from The American Heritage® Dictionary of the English Language, 4th Edition

  • n. The mother of one's father or mother; a grandmother.
  • n. An old woman.

from Wiktionary, Creative Commons Attribution/Share-Alike License

  • n. grandmother
  • n. old lady, elderly woman

from the GNU version of the Collaborative International Dictionary of English

  • n. An old woman; specifically, a grandmother.

from The Century Dictionary and Cyclopedia

  • n. An old woman; especially, a grandmother.


Middle English grandame, from Old French dame-grant : dame, lady; see dame + grand, grant, great; see grand.
(American Heritage® Dictionary of the English Language, Fourth Edition)
From the French grand dame (Wiktionary)


  • Judith Merril was known as the grandam of science fiction and Phyllis as the mother of Canadian SF.

    Canadian SF Giant Dies « Colleen Anderson

  • "When my father told me that my grandam" ( "grandam" has a good sound always, like a great oath) "had been murdered by de Morimont of Morimont Castle, I swore that the murder should not go unavenged.

    How to Write a Novel for the Masses

  • If they put Raul in the first movie other than being a baby or a youngster in the end with grandam then I will not see the movies to damaged the integrity of the books in such a way would be horrible!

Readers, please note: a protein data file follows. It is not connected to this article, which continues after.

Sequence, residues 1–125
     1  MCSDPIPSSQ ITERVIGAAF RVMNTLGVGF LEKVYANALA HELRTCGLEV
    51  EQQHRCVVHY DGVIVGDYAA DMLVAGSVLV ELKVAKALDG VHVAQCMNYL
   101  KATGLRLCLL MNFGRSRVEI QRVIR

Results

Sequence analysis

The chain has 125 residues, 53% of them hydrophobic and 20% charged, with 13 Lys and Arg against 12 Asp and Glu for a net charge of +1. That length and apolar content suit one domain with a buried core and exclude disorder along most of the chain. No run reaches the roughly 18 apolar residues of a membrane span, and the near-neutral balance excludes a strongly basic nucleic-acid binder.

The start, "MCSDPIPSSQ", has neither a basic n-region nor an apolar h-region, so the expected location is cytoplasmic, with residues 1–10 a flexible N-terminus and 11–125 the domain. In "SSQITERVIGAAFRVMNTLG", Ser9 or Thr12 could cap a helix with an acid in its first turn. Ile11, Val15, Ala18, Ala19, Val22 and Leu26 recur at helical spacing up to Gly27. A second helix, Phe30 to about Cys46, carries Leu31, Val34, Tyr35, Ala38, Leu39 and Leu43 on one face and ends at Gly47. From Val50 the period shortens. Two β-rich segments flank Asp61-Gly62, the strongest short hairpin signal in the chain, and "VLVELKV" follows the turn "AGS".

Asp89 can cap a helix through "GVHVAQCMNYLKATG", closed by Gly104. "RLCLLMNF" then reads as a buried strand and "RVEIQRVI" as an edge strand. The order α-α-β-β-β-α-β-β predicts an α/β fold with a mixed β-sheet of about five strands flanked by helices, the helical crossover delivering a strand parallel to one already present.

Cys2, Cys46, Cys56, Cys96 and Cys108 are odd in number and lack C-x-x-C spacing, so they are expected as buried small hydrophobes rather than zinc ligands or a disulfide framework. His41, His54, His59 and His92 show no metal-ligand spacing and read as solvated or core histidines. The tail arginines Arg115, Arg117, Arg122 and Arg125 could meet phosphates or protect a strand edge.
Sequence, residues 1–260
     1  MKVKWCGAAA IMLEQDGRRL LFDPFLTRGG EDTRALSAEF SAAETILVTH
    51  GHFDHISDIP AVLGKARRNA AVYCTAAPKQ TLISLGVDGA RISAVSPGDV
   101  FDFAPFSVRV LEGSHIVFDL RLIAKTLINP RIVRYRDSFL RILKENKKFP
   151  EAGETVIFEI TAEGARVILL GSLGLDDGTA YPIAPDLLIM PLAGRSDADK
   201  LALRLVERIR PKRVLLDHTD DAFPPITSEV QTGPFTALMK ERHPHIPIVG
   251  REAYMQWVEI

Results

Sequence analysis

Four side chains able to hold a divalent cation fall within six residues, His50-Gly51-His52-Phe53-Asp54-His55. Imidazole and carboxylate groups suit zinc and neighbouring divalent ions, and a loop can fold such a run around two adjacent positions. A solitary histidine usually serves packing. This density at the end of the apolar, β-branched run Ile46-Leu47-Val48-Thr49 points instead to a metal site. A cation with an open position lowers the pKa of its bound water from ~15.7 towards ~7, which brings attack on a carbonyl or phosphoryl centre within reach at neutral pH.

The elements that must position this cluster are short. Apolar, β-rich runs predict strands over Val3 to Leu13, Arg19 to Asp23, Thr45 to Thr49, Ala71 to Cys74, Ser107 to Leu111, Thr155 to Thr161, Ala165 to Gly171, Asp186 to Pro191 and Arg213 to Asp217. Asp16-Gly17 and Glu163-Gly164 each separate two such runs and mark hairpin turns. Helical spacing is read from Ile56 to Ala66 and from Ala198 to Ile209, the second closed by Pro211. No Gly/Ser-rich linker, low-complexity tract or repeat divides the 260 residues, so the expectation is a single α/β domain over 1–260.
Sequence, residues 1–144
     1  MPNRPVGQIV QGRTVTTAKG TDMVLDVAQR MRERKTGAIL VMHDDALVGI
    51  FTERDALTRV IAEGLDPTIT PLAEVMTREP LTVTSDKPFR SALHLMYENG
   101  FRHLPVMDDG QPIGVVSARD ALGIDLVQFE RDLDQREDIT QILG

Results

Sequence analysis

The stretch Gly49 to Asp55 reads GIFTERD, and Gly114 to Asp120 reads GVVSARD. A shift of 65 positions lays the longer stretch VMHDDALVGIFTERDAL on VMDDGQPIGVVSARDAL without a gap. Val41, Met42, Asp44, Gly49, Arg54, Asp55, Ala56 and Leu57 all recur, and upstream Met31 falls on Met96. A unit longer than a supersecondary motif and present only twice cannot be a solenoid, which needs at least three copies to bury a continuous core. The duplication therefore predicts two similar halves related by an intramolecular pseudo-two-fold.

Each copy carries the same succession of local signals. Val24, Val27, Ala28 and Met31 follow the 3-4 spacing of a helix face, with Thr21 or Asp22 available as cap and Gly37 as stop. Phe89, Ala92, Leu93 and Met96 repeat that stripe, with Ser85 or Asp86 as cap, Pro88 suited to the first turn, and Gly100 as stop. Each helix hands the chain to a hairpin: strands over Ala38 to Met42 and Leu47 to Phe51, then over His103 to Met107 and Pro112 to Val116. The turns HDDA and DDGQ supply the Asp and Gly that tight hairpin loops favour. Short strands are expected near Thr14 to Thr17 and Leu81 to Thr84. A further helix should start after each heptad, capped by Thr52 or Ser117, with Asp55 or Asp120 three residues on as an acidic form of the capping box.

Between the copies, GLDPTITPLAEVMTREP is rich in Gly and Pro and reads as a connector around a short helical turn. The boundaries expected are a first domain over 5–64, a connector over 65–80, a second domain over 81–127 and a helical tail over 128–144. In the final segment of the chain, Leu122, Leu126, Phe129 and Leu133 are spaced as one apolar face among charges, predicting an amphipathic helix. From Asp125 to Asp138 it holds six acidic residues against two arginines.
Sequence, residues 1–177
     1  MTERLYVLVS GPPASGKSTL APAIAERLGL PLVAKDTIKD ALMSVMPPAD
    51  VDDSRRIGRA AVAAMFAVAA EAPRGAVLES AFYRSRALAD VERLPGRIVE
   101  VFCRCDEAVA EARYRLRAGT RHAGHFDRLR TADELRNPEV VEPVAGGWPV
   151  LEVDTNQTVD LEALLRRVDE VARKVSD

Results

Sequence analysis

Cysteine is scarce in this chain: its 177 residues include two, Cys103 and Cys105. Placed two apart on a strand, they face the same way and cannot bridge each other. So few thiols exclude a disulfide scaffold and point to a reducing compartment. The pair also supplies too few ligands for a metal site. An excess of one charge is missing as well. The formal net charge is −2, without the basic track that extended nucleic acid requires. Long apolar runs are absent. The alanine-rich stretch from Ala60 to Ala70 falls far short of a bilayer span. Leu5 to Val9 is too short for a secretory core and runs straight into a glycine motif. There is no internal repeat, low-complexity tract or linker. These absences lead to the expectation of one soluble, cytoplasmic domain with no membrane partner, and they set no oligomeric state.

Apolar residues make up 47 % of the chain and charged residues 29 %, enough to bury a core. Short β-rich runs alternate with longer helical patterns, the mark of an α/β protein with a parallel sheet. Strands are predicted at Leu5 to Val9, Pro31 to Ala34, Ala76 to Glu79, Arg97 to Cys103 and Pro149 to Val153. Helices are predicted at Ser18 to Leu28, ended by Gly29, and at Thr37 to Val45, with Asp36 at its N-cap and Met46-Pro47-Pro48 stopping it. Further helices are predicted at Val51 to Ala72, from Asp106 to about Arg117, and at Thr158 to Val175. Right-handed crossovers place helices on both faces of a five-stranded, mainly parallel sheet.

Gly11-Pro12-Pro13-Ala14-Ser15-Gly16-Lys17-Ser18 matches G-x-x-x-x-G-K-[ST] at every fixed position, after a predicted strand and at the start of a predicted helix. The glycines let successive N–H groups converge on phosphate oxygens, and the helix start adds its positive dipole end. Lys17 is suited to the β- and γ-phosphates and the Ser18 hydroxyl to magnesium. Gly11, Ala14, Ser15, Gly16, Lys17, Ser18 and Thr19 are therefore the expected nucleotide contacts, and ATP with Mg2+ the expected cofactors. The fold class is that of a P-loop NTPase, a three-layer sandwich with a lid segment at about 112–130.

Dan Simmons's Hyperion Sci-Fi Series Being Adapted by Warner Bros «

  • Shahriman showed the more kindness to Julnar and honoured her with increase of honour; and the little one grew up and flourished, whilst his maternal uncle and grandam and cousins visited the King every few days and abode with him a month or two months at a time.

    The Book of The Thousand Nights And A Night

  • He had a religious side as the miracle-working leader of a cult that believed in the transmigration of souls (that "the soul of our grandam might haply inhabit a bird," as Shakespeare's Malvolio puts it in "Twelfth Night").

    The Reach of an Ancient Greek

  • Boy! it was happy for thy grandam that she loved me not.

    Roundabout Papers

  •     Credibly; so grandsire, grandam alike did agree.

    Poems and Fragments

  • Khorii's grandsire and grandam were no less remarkable than her parents, both having recently returned from the dead.

    First Warning

  • The smallest boy or the most secluded grandam could tell you whether No. 32 had a hot-box last Tuesday, whether No. 7 was going to put on an extra day - coach; and the name of the president of the road was familiar to every breakfast table.

    Main Street

  • Now my grandam does it because she is parcel blind by age, and whole blind by kindred; and my master, the poor Dominie, does it to curry favour, and have the fullest platter of furmity and the warmest seat by the fire.


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  • Shakespearean for 'grandmother'

    April 24, 2009